Andrew Wiggins didn’t want to get vaccinated, but because of the vaccine mandate in the city of San Francisco — where Golden State’s Chase Center sits — he had to take the shot to play home games. Wiggins eventually did it. He still regrets it.
However, Irving wasn’t the only Net who didn’t want to get the shot, reports Josh Kosman and Brian Lewis at the New York Post.
“Kyrie wasn’t the only one on the Nets who didn’t want to get vaccinated,” a source with direct knowledge of the situation told The Post.
“No one was expecting the mandate the way in which he wouldn’t be able to play. No one expected it,” a source close to Irving said. “The entire thing was that vaccination was absolutely going to be a choice and not anything that was forced.”
The Post story details how then-New York mayor Bill de Blasio changed the wording of the New York vaccine mandate in a way that players for the Nets had to be vaccinated to play at home (there was thought to be a loophole that if the player lived in New Jersey, he could be considered “visiting” and allowed to play, but that loophole was closed). Nets owner Joseph Tsai was pro-vaccine, although the Nets say they were caught off guard by de Blasio’s change on the mandate and they didn’t have time to lobby for a change.
“[Tsai] laid it out that you needed to be vaccinated or you can’t play,” a source close to the situation said. “A number of players did not want to get vaccinated. They all decided to get vaccinated except Kyrie. … The thinking was the players would all blink.”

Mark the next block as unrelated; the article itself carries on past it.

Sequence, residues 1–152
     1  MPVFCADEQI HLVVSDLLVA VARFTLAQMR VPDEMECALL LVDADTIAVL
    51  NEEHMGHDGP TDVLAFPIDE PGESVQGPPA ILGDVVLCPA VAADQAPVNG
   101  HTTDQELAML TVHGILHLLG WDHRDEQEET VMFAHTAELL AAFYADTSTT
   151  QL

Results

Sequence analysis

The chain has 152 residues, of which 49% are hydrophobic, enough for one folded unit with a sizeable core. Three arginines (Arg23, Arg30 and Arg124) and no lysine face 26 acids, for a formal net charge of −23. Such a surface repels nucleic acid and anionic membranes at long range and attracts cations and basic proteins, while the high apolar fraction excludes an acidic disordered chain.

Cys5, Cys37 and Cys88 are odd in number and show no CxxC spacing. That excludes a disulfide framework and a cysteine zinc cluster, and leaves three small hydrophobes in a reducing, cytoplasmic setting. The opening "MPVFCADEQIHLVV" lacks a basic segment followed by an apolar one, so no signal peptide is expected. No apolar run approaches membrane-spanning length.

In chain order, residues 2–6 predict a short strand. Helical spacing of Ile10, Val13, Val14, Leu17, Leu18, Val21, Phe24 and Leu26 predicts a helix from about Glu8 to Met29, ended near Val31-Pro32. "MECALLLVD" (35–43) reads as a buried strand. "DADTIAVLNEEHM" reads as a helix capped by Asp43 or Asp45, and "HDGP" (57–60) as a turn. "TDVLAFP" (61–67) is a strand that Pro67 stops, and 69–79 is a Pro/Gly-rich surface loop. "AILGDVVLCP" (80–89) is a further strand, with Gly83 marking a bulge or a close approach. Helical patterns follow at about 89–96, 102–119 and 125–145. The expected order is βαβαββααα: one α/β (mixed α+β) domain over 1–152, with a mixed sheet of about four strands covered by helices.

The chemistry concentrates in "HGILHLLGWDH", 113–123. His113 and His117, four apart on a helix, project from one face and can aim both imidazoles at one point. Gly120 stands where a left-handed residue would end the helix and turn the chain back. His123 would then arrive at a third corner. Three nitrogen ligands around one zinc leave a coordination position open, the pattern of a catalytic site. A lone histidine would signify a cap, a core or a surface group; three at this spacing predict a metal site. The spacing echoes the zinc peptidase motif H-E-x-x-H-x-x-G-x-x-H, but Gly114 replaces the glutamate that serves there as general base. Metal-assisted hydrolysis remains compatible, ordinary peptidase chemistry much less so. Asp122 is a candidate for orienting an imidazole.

Irving didn’t blink.
Then the dominos started to fall. Irving didn’t play home or road games until mid-season, the Nets never gelled, James Harden forced his way out to Philadelphia (and Ben Simmons never suited up for the Nets), Boston swept Brooklyn out of the playoffs, the Nets would not give a max extension to Irving, and now Durant asked for a trade. How it all ends, nobody knows.
While the NBA pushed for players to get vaccinated and touted its 97% vaccination rate, there were players who were not comfortable with it. A lot of history made Black people — not just athletes — hesitant to trust the vaccine. However, for most NBA players there was a serious financial calculation involved — professional athletes (especially the average role player) have a short window to earn money, and not getting paid for a year was not a real option. They needed the checks, and like many people around the nation in other professions, they got the shot to keep working and getting paid. Irving, with max contracts and shoe deals already in his bank account, had a different calculus.
Enough people in the nation getting the vaccine helped ease the strain on hospitals nationwide, because vaccinated people have, on average, less severe symptoms from the coronavirus. The NBA was part of promoting vaccinations.
But no doubt, in a different environment, many players may have waited to get the vaccine, if they did at all.